Posted 2 years ago on Dec. 31, 2011, 8:51 a.m. EST by Nanook
This content is user submitted and not an official statement
One of the big questions of our time is immigration. The Constitution states, “ALL PERSONS BORN or NATURALIZED in the United States... are citizens of the United States...” First, it’s important to state that this provision wasn’t part of the initial Constitution. It wasn't added until Amendment 14 in 1868. Up until that time, the country was under direct control of a small group of wealthy people. It took a Civil War and the death of over 600,000 Americans to obtain civil liberties for average citizens! SO, given the old mantra, "We hold these truths to be self-evident, that all men are created equal…" this issue isn’t as simple as it seems.
Let's start right from the basics. Why should BIRTH in the U.S. automatically be sufficient for citizenship? As with many of the concepts in the Constitution, this issue was addressed in a superficial manner. Because of that it is causing a lot of problems today. Why wasn’t the principle stated: 'All human beings BORN TO CITIZENS of the U.S., wherever that birth may occur, or naturalized by a U.S. court ... are citizens of the U.S.' Or how about: 'All human beings born to female citizens of the U.S., wherever that birth may occur, or CONCEIVED by a male citizen of the U.S. or naturalized... are citizens... ' Sure, we didn’t have the DNA technology during WWII to verify this (hey, call it luck), but now we do.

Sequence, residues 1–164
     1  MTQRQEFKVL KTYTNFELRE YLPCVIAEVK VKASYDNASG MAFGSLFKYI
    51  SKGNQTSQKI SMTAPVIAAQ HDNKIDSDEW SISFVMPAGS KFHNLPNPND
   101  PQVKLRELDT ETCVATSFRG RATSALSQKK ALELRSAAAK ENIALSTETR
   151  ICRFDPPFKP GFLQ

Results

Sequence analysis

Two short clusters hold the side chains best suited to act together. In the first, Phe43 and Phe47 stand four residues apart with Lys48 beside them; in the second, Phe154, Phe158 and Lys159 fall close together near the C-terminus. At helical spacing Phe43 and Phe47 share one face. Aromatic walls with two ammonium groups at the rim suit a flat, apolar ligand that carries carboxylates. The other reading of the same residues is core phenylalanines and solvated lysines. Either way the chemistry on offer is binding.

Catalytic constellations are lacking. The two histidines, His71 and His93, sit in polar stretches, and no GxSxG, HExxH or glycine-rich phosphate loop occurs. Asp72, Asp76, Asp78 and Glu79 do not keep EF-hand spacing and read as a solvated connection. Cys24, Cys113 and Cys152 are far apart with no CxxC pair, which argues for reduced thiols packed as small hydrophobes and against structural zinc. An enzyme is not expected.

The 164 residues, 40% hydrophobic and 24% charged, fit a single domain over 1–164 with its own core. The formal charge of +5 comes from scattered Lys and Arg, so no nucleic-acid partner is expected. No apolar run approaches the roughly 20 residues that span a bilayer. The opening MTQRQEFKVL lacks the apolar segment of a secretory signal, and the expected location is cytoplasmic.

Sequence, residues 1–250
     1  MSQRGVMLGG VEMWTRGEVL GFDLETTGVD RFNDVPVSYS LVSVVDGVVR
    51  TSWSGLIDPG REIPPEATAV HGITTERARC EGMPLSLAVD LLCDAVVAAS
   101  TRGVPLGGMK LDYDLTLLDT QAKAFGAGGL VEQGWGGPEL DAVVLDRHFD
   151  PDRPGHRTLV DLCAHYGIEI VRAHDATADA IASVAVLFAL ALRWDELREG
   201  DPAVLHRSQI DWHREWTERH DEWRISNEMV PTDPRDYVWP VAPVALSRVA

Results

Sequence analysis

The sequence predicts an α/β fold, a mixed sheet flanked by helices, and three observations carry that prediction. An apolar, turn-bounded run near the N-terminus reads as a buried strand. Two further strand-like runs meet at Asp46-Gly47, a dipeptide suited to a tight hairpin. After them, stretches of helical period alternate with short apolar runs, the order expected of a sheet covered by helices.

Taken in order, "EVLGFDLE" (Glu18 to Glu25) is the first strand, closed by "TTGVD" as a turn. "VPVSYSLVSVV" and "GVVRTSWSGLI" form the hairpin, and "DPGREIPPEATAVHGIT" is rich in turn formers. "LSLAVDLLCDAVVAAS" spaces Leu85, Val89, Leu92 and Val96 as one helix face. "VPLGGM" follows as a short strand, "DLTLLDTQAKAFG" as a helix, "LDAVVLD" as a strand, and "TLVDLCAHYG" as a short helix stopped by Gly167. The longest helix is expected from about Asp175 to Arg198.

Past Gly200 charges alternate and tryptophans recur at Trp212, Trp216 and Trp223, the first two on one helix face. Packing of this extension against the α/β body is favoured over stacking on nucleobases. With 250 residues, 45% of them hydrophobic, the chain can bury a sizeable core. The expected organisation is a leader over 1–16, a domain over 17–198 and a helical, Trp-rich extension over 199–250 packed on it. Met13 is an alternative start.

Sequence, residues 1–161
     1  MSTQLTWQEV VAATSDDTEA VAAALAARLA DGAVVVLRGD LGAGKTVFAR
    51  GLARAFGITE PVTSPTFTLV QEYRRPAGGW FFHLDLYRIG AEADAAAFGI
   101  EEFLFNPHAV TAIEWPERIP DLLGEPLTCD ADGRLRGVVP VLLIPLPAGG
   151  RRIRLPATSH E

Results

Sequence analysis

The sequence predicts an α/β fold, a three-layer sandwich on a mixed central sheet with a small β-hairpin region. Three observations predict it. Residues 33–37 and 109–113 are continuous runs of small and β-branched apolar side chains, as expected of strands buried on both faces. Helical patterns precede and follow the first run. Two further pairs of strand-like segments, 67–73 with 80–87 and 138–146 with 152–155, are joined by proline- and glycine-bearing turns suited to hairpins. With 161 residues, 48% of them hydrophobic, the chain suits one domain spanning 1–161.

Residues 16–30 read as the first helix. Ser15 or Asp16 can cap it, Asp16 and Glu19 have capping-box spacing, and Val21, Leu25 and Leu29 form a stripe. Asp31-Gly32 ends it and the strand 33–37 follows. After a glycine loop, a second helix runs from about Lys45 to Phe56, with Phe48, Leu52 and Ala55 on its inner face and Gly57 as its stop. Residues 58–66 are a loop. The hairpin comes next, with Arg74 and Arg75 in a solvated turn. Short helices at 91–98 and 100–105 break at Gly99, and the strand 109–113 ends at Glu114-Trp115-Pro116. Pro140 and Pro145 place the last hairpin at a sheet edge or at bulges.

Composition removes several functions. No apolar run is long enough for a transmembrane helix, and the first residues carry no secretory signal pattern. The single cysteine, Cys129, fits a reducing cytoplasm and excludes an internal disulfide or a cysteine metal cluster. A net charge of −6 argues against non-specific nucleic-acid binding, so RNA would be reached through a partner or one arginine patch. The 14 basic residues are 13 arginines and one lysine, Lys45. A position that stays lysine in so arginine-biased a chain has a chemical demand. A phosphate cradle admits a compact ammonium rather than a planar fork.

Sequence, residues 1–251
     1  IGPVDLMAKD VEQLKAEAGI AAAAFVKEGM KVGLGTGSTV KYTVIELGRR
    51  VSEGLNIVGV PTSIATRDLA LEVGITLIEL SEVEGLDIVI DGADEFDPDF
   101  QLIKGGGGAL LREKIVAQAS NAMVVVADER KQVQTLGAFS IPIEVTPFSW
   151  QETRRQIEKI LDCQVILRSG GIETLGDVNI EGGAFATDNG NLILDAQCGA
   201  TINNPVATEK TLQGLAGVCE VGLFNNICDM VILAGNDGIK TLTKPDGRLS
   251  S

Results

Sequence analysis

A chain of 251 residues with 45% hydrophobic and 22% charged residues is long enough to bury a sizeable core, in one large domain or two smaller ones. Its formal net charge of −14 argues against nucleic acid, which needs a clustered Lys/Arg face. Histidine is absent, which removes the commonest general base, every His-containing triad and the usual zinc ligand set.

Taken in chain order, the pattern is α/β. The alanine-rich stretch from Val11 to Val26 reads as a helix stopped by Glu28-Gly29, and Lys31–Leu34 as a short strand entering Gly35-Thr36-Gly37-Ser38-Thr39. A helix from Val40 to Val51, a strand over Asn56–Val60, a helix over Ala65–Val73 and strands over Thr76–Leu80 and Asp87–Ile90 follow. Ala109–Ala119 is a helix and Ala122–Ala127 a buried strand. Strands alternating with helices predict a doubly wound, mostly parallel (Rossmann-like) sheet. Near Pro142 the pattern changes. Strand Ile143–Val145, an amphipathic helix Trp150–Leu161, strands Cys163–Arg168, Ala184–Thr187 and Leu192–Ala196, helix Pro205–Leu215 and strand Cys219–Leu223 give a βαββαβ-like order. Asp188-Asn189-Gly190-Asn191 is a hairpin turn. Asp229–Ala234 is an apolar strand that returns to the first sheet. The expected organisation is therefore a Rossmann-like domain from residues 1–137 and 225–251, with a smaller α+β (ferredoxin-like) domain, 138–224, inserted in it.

And notice the change of words from “persons” to “human beings”. Even though this seems more precise, it may again be too simple a phrase. Remember, women weren’t considered “persons” until the 19th Amendment in 1920 allowed them to vote. When does a lump of tissue become a "human being"?
So, what should be the requirement goals for U.S. citizenship? What should be the requirement goals to take U.S. citizenship away from a person?
(This post is part of a collection of posts aimed at launching a new process called the National Opinion Collection System (NOCS). For more information on the process, see http://occupywallst.org/forum/occupytheconstitution-introduction/ )